We recently sent out a mailer to our subscribers letting them know about the portability solutions that we have come up with. Within minutes we received photos and details from many of our customers about how some they have used a little ingenuity to mount their Lowrance units on unique water craft. Below we have a photo gallery of images that could help you design your own portable setup. Of primary importance, however, is a mount that minimizes cavitation (air bubbles) directly under the transducer (e.g., surface noise) and maintaining a correct angle on the transducer. See recent blogs on this topic. The preferable solution is to permanently mount separate transducers following DIY guidance like shown here on each survey craft and just move the Lowrance Elite or HDS display from boat to boat. But if the job calls for a fully portable mount, we can help!
Producing professional-quality aquatic maps has never been easier with Lowrance and BioBase mapping technologies, but there are several strategies that can help you optimize your time on the water and produce the best possible map output:
The transducer connected to your Lowrance echosounder plays a critical role in producing quality map outputs. Fortunately, the mechanics of producing quality hydroacoustic signals has been honed by 57 years of research and development by engineers at Lowrance. Still, users play an important role in optimizing outputs by selecting the correct transducer and installing it correctly
EcoSound is a powerful and intuitive aquatic resource data processing engine that professionals across the globe are coming to recognize. However, the quality of automated outputs greatly hinge on a proper Lowrance transducer mount. If the transducer is off at an angle, the acoustic cone will intercept bottom at an angle and will falsely read depth, bottom composition/hardness, and vegetation height (Figure 1).
|Figure 1. Example sonar log from a transducer face that is not 180 degrees with bottom as seen in Lowrance’s SonarViewer|
Strategies for installing your transducer.
There are a wealth of online resources via YouTube, Google, and our own blog series (for example see our portability blog) about proper transducer mounts. Just search “Lowrance Transducer Installation” and you’ll have a wealth of self-help resources at your disposal. An output from a properly mounted transducer should look like Figures 2 and 3 where the bottom signal is clearly distinguishable from aquatic vegetation.
|Figure 2. Screen shot from a Lowrance HDS7 Gen2 Touch of a clear bottom signal and submerged aquatic vegetation from a properly mounted 200 kHz skimmer transducer.|
|Figure 3. Example of what a clear 200 kHz signal over a vegetated bottom looks like in the EcoSound Trip Replay screen.|
Often, aquatic vegetation grows to the surface of lakes and one of the unique strengths of EcoSound is that the vegetation detection algorithm recognizes conditions that appear to be surface growing vegetation and classifies the growth as such (i.e., biovolume = 100%). Still, in order for the algorithm to function in these environments, some signal must periodically pass through the vegetation canopy and get “peaks” at bottom deeper than 2.4 ft (EcoSound minimum depth for vegetation mapping; Figure 4). If you are mapping areas shallower than this depth, you can add manual vegetation coordinates to unmapped areas (see a CI YouTube video on how to do this)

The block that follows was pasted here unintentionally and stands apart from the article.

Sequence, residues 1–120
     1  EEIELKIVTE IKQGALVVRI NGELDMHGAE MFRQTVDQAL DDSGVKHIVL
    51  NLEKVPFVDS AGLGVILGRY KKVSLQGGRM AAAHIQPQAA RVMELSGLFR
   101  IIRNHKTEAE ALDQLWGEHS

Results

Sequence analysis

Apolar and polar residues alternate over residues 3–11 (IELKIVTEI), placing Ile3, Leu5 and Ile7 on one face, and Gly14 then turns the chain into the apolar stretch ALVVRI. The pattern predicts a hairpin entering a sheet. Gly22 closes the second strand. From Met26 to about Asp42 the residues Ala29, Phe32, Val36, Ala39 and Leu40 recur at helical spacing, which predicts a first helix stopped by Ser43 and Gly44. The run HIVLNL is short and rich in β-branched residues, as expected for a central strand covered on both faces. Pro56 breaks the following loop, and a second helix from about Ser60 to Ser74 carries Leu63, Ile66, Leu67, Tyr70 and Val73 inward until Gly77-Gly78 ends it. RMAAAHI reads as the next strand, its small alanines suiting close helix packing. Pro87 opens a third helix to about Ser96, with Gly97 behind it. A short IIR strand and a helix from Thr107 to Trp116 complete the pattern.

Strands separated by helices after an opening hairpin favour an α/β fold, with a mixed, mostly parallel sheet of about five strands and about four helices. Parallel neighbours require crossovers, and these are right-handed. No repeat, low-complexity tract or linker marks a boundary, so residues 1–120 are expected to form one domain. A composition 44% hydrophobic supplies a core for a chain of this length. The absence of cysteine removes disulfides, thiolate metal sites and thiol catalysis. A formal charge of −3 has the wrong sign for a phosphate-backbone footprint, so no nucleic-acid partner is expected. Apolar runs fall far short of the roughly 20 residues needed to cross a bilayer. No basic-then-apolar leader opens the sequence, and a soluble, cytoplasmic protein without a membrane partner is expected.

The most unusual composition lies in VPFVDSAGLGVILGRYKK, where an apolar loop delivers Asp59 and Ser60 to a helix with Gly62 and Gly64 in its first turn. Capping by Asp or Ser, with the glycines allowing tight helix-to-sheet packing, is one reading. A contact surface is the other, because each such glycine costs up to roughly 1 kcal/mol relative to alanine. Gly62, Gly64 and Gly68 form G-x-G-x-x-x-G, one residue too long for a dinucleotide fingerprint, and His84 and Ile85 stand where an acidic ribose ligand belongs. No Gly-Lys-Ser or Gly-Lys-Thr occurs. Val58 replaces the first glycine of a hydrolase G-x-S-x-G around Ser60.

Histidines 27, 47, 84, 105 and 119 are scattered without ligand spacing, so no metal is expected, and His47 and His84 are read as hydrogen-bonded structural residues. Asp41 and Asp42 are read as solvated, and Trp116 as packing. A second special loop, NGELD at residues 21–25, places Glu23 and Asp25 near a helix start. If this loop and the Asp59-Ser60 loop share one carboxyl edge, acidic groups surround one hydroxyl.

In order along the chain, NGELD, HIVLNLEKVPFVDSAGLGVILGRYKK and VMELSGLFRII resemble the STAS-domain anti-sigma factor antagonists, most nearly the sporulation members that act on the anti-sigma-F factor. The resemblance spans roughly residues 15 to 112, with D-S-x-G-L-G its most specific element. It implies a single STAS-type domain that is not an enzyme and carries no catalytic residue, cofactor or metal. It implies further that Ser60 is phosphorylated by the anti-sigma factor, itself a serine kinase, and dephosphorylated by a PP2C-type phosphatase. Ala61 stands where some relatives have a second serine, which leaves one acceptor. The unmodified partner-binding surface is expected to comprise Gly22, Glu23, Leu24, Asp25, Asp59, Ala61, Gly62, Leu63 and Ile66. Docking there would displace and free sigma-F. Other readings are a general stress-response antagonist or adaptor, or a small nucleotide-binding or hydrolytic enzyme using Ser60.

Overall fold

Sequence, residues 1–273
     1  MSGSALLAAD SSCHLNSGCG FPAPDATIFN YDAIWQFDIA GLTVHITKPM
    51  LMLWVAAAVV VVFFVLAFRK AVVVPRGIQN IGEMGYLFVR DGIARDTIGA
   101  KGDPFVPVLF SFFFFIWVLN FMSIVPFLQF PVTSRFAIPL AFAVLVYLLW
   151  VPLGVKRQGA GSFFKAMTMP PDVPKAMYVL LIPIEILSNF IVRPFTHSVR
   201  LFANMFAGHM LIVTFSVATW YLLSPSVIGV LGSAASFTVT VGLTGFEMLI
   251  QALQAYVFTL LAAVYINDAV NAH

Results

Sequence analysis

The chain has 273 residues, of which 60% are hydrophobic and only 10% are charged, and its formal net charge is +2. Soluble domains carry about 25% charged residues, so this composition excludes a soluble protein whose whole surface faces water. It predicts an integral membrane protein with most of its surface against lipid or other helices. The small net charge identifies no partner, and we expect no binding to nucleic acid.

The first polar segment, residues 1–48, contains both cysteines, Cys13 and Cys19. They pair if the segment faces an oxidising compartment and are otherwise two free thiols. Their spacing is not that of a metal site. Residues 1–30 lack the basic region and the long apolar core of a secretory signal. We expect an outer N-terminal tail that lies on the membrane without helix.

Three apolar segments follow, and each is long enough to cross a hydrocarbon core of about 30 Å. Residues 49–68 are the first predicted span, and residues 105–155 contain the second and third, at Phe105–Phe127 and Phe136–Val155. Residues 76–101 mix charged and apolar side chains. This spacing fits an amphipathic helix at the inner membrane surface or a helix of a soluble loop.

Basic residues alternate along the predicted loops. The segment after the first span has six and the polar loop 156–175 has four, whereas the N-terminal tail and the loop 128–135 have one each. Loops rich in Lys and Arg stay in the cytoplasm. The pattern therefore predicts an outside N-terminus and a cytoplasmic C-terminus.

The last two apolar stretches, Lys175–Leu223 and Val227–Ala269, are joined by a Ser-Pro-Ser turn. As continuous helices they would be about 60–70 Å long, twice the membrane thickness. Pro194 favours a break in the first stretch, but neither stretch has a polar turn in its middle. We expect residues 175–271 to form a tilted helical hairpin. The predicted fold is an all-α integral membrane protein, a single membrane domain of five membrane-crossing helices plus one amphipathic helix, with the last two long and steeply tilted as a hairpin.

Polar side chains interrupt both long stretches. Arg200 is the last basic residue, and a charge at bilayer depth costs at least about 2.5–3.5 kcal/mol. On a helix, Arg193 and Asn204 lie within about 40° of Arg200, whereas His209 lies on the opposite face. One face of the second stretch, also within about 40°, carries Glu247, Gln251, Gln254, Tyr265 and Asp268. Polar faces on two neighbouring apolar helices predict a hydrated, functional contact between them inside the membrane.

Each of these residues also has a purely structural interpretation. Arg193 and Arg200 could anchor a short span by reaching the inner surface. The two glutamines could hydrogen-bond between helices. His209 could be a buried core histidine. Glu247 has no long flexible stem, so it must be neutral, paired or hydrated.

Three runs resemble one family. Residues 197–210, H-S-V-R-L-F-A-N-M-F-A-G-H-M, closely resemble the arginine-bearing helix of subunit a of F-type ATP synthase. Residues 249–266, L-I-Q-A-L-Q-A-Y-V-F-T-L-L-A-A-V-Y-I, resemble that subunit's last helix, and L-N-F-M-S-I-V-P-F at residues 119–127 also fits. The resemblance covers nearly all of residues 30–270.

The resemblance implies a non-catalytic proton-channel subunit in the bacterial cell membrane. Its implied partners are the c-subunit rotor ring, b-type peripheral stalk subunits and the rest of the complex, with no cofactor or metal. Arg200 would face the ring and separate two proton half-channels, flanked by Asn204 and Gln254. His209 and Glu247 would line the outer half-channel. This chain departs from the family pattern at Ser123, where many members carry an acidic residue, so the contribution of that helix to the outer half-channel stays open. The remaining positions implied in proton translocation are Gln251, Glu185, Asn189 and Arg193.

Monitor SONAR screen while you map
Because having a clear transducer signal is so critical for quality EcoSound data and map products we recommend that users verify a clear Sonar signal in an open water area prior to logging. Drive your boat at different speeds and evaluate at what speed “slivers” start to appear in the bottom signal (Figure 5). These slivers represent acoustic “misses” and typically result from cavitation of water around the transducer face. Periodic slivers or misses while recording are ok, but we recommend that users monitor their SONAR page and take measures to minimize these disturbances (e.g., slow down or adjust the depth of the transducer a few inches – sometimes that’s all it takes).
|Figure 5. An example of where the acoustic signal “missed” the bottom target (white slivered areas). These misses typically result from either an improper transducer mount or excessive speed of travel that causes cavitation near the transducer face.|
A Transducer Field Checklist
- Does the bottom, fish, or plant targets appear slanted?
- Does yellow surface clutter extend a long way into the water column and might possibly obscure vegetation target separation?
- Is my depth signal flashing or am I getting no digital reading?
- Is my range window jumping around indicating it can’t find depth?
- Am I getting a lot of white slivers in my bottom reading?
If bad signal does sneak past your scrutinizing eyes, fear not, you can always edit your output with EcoSound’s Trip Replay feature as seen in our YouTube video series.